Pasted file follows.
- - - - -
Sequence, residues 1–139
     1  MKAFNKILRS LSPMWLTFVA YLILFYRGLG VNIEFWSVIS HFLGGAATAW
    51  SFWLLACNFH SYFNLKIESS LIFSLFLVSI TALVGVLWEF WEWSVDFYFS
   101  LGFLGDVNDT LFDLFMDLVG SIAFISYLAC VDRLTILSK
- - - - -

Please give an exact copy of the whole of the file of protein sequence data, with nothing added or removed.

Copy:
Sequence, residues 1–139
     1  MKAFNKILRS LSPMWLTFVA YLILFYRGLG VNIEFWSVIS HFLGGAATAW
    51  SFWLLACNFH SYFNLKIESS LIFSLFLVSI TALVGVLWEF WEWSVDFYFS
   101  LGFLGDVNDT LFDLFMDLVG SIAFISYLAC VDRLTILSK